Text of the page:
The final move made by the New York Mets this offseason was the acquisition of right-handed pitcher Taijuan Walker and while there’s more room to make improvements, this will most likely be the roster heading into Opening Day. Walker gives the Mets a number four start in the rotation and allows for a true battle for the fifth spot until Noah Syndergaard returns in June.
With the dust settling on the first four spots in the rotation, the Mets have done an impressive job retooling their starting pitch while also adding much needed depth. While the Mets didn’t nab Trevor Bauer and missed out on some other free agent arms, there’s still much reason to be excited about this rotation. Marcus Stroman, who accepted the team’s qualifying offer this winter, said expressed his feelings about the Mets’ starting pitching: “I speak highly of our guys for a reason,” Stroman said. “I think we’re unbelievable with what we have. Any team can always make additions, but I love our staff. I love our staff one through five. I love our entire team. to be honest with you.”
It’s understandable why Stroman, and Mets fans alike, are excited about this pitching staff, but where do the Mets currently rank when stacked against other staffs around baseball?
There’s no doubt that the Mets have a top offense in baseball, but it was their starting pitching that did them in last year. With the season around the corner, here’s a look at how the front office rebuilt the pitching staff in Flushing and where it places the Mets amongst the rest of the league:
Why the Mets could have the top rotation in baseball
Let’s start with the fact that the Mets have the best pitcher on planet earth. deGrom has seemingly gotten better each year, which is a scary thought for opposing teams around baseball. The two-time Cy Young winner actually added velocity to his fastball last year, which only improved the pitch and complimented his secondary pitches as well. While early indications suggest that deGrom will be in the running for his third Cy Young award, the rest of the rotation behind him got significantly better this year.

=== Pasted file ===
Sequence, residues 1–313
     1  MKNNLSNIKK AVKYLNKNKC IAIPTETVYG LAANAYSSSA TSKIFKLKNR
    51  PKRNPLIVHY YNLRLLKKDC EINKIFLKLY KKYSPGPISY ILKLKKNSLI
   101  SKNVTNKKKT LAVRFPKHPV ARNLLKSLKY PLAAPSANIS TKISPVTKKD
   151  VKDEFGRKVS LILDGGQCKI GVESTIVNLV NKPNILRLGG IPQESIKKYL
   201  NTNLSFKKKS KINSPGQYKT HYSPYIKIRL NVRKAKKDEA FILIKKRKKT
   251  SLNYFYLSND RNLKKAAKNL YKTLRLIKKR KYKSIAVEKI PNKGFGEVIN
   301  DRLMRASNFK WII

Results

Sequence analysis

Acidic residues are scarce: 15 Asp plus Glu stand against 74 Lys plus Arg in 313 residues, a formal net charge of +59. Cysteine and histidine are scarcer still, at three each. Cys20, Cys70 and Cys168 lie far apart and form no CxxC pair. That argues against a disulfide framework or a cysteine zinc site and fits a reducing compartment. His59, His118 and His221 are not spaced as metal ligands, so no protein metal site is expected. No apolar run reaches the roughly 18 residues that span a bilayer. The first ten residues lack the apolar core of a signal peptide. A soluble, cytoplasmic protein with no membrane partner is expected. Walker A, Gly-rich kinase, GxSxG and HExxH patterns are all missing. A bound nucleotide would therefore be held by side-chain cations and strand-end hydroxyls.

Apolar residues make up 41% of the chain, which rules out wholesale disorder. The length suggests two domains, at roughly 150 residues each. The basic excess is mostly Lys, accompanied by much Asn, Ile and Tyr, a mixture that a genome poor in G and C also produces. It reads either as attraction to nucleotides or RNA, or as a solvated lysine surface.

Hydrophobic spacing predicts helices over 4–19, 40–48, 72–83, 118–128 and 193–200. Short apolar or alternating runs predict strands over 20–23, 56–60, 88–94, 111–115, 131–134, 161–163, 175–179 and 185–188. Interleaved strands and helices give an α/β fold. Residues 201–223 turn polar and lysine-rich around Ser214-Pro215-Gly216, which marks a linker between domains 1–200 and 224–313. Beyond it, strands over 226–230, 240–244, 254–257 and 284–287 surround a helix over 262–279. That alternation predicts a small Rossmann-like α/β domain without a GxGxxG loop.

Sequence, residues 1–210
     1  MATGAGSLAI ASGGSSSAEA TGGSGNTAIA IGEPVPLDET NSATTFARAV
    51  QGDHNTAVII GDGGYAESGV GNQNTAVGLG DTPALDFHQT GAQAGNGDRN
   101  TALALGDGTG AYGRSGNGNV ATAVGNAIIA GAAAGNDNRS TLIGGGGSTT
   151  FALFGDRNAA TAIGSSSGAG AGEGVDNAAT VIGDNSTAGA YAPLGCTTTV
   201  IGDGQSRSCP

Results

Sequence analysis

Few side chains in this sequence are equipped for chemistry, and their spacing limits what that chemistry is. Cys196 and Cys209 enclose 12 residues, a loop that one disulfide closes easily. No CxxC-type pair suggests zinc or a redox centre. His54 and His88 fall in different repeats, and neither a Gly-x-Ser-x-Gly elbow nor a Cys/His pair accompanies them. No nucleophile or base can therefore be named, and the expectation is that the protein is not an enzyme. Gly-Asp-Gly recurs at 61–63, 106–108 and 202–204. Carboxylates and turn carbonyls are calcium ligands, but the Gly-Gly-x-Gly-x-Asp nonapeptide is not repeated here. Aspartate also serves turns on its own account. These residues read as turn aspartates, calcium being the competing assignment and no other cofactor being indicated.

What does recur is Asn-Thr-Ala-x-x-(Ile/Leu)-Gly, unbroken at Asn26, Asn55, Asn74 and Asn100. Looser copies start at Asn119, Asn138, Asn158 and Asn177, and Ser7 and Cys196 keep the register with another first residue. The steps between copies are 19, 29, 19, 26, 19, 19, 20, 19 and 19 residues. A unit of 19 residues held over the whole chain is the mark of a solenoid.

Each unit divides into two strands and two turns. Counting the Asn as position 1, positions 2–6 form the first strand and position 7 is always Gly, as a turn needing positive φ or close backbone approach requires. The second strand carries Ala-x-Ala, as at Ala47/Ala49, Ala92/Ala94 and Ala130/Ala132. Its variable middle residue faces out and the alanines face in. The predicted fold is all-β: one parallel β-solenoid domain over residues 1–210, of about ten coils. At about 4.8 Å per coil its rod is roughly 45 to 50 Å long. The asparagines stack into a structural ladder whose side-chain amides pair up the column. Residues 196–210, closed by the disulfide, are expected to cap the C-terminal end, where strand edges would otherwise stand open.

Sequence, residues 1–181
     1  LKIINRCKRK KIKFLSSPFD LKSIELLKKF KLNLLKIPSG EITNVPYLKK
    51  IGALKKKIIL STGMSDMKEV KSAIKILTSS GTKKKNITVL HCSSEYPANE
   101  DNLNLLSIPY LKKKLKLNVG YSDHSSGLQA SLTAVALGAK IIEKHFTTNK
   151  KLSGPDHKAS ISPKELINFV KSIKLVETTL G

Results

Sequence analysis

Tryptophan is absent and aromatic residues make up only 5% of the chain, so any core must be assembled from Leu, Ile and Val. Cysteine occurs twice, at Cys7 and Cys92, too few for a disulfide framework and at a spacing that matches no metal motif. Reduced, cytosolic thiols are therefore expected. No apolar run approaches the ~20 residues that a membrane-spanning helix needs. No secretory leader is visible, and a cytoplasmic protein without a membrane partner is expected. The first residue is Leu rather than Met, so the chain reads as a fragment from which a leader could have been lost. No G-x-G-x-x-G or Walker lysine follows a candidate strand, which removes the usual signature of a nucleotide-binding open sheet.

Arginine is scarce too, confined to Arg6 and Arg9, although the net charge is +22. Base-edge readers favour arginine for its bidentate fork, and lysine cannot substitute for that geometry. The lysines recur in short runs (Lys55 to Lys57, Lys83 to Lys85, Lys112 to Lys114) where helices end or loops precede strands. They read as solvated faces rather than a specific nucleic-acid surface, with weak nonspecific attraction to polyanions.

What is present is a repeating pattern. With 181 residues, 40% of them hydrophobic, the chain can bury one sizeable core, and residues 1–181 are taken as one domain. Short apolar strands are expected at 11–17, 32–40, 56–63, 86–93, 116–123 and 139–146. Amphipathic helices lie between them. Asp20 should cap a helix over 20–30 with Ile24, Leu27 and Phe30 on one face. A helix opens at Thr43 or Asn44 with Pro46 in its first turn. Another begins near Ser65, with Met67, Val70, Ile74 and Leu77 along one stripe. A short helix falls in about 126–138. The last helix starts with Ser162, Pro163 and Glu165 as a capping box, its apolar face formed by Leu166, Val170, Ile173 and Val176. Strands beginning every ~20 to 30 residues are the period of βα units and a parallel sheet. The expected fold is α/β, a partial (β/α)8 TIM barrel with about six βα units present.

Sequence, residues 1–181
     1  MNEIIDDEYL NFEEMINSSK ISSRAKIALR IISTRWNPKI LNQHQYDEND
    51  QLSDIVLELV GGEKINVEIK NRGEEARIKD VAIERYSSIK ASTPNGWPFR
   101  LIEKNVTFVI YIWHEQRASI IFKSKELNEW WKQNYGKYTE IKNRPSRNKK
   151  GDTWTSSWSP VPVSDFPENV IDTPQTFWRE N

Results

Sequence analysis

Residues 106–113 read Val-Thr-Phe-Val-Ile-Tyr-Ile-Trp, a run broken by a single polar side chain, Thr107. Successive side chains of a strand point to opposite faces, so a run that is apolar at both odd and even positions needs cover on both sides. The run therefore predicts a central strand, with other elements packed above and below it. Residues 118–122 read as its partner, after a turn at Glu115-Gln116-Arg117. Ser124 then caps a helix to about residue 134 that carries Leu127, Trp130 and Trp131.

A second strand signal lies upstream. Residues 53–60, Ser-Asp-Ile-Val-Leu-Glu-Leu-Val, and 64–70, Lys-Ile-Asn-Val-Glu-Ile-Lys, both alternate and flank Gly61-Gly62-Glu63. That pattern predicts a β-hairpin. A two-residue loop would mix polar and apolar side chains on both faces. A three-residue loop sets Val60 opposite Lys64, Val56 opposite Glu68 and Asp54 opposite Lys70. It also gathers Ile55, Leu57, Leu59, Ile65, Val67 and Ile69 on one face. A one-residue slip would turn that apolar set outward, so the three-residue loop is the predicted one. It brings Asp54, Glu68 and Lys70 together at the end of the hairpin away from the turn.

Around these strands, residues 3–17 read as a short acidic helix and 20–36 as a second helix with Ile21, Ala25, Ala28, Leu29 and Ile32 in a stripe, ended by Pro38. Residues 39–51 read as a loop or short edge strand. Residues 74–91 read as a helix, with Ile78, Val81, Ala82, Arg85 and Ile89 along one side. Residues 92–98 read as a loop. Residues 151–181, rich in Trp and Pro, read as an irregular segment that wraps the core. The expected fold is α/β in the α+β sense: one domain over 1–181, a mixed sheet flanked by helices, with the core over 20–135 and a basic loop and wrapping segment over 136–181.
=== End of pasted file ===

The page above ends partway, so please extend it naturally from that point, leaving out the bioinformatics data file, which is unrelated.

The blockbuster that brought Francisco Lindor to Flushing also came with one of the most underrated moves this offseason: the acquiring of all-star Carlos Carrasco. Lindor understandably highlighted the deal, but Carrasco being plugged into the rotation was a massive addition that would’ve created buzz if Lindor was never involved. Carrasco, a cancer survivor, was a top-of-the-rotation start with his time in Cleveland. Outside of his shortened 2018 season, the crafty right-hander never pitched to an ERA over 3.63 since 2014, with a 2.91 ERA in 68 IP last year.
The return of Marcus Stroman, the addition of Walker and the battle for the fifth spot between Joey Luchessi, Jordan Yamamoto and sophomore David Peterson has provided insurance behind the top two arms in the Mets’ pecking order. After Stroman opted out of the 2020 season and Syndergaard underwent Tommy John surgery, the Mets were razor thin in their pitching depth, which resulted in a league worst 7.89 ERA if you remove deGrom and Peterson’s numbers.